Ask yourself what was the more serious issue for the Canucks this years: offence or defence? Pretty sure it’s offence. If anything, the biggest issue we have with our D is their lack of offensive production.

    But let’s catalogue. Tanev is still young, a decent contract, and one of the best first outlet passers in the league. Edler may never be ‘that guy’ we were hoping he could be but he will be a top four for at least another two-four seasons. Hutton is found money: he’s already a top four defenseman with the potential to improve much more yet. Do we really imagine that Hutton is somehow going to regress out of the top six anytime soon? He’s 22 without a history of injuries that could leave some doubt. Tryamkin it’s obviously still too soon to say but even in the small sampling we got it seemed like he was already capable of being at least a bottom pairing guy with a potentially high ceiling. Pedan didn’t thrill but I feel pretty confident with him as a bottom pairing guy last year. We’ve got Stetcher, Suddan, Larsen, Brisebois…if even one of these players turns into a bottom pairing we’re laughing.

    Sure, we don’t have that stud 1D, and someone in this draft may be that 1D, but which one is it? Should we pass on what seems like fairly surefire first line forward talent when it’s on offer when it’s not as though we can feel any real confidence that we’re getting a potential 1D stud?

    Do we expect Baertschi to put up 25-30 goals and 55-70 points? Is this not the best out of what we can expect from Boeser? Are Virtanen and Horvat likely top line players? They seem like, at best, good second liners on a good team. We need scoring more than we need anything else.

    Especially if Dubois is still available at 5, it just seems insane to pass on the opportunity to have a clear succession plan for Henrik to take a Hamhuis-like player.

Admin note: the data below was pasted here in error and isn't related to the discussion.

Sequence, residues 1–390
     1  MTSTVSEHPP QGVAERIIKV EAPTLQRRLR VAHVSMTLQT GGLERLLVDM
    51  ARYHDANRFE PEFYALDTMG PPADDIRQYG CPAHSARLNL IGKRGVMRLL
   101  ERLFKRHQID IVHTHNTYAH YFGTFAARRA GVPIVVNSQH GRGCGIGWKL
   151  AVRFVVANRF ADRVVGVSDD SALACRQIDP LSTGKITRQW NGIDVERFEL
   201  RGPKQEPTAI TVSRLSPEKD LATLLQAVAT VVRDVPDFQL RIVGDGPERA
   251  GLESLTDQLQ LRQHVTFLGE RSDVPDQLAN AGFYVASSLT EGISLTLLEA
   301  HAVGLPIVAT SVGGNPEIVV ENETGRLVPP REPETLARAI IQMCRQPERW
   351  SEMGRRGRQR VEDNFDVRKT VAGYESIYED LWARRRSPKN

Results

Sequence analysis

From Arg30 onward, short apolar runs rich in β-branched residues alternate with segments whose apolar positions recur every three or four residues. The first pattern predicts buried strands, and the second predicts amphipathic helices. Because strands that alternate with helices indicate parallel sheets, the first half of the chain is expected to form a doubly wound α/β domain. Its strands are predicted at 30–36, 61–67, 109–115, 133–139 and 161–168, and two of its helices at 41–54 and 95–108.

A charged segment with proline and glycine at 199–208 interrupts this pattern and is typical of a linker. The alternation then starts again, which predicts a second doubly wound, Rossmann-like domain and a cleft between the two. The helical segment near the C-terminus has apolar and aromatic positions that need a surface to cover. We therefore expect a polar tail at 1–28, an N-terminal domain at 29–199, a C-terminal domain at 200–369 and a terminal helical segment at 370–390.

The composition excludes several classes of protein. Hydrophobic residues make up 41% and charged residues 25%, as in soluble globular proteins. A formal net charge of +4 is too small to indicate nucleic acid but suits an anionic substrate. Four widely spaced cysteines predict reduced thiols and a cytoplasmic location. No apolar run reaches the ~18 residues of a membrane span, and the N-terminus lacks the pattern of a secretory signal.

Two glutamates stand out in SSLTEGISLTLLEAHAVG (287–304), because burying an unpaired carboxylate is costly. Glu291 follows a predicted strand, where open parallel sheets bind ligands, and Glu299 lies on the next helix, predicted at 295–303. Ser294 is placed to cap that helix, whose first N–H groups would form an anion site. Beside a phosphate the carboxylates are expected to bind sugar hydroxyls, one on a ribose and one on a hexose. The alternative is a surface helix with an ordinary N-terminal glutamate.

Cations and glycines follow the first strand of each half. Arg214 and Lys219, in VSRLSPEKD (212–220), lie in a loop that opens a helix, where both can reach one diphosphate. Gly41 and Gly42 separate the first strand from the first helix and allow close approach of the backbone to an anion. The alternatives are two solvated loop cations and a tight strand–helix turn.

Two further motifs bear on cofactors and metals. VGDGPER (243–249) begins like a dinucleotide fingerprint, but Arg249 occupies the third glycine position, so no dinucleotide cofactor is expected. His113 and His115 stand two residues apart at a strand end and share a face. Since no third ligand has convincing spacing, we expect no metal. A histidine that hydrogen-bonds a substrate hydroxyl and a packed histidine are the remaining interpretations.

Aside from how great it would be to have a 1D stud I have no idea why it’s popularly perceived that Vancouver is somehow much better set up in the future at forward than defence. Yeah, you can sign wingers but are you ever going to sign a core-quality winger in his prime for decent money? That’s even more rare than picking up a dman through a trade or signing.

    It just has to be Dubois or Tkachuck from my perspective. To go through this season and only get a solid, Hamhuis-like prospect out of it really just doesn’t get the juices flowing like a potential offensive dynamo with grit and heart. Both my head and my heart wants a forward and I will be quite disappointed even with Juolevi, whom I otherwise presume will have a very solid NHL career and could very well be a top pairing guy.

    But we need top 6 guys who can potentially get 70 points. We have done nothing to ensure a transition away from the Sedins. This is the glaring issue.

  • Cyclone16

    Pardon my ignorance, but can someone help me get my head around this statement:

    “the Vancouver Canucks landed exactly where they were most likely to, at fifth overall.”

    They had third best probability to draw at the top. How come the Canucks have most likely chance to draw fifth?

    Is that a simulation result black magic monte carlo computer voodoo? Would love to understand how this can be correct!

    Thanks in advance!

    • Andy

      Lottery odds for bottom 3 teams were 20%, 13.5%, and 11.5%, totalling 45%.

      That means there’s also a 55% chance a team outside the bottom 3 wins a lottery pick.

      As teams win lottery picks, the odds redistribute to other teams.

      If bottom 2 teams win picks, Canucks draft spot stays.

      Any team ‘above’ the bottom 3 win picks, the Canucks draft spot drops.

      Toronto’s first overall win shifted Edmonton and Vancouver’s odds to ~16% and ~14%, totalling 30%. That leaves a 70% chance that a team below Vancouver’s draft position would leapfrog ahead in draft order, which did happen.

      I’m not able to prove that it’s the most statistically likely option, but it was definitely plausible. In Toronto’s situation, they actually had a >50% chance of NOT getting a top 3 pick at all; the lottery balls just worked in their favour this time.

    • andyg

      The likeliest outcome is one of the bottom three teams getting a top-three draft pick. This moves the other two bottom teams to finish four-five.
      If if all three bottom teams came up empty in the lottery, Vancouver finishes six; whereas if both Toronto and Edmonton were lottery winners then Vancouver would finish fourth.

  • RandomScrub

    It´s hard to imagine that the Oilers would pass take Chychrun unless they trade one of their top for D, so the there is big chance to Dubois. Yes, D-man is priority, but Dubois is player that is hard to pass.

  • andyg

    Benning told Dreger that if the D they want is not there that they would look at Dubois or Tkachuk.